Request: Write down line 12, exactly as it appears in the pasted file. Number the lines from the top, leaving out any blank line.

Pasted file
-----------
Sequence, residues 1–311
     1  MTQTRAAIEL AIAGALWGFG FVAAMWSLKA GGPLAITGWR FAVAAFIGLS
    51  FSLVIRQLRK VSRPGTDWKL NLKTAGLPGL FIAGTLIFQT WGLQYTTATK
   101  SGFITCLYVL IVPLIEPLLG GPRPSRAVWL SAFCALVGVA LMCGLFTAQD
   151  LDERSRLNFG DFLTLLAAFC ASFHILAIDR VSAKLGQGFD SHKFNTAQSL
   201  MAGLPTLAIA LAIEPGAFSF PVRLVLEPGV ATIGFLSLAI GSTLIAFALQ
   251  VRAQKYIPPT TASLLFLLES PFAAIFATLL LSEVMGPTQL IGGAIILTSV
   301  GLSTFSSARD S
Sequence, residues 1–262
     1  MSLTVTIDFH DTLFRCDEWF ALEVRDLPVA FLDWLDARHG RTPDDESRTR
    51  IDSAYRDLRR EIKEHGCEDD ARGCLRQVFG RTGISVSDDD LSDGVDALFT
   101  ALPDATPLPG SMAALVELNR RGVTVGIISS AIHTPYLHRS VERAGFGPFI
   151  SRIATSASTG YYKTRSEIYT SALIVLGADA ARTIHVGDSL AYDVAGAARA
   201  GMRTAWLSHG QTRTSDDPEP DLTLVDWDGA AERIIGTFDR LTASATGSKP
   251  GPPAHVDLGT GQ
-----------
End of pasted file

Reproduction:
   101  ALPDATPLPG SMAALVELNR RGVTVGIISS AIHTPYLHRS VERAGFGPFI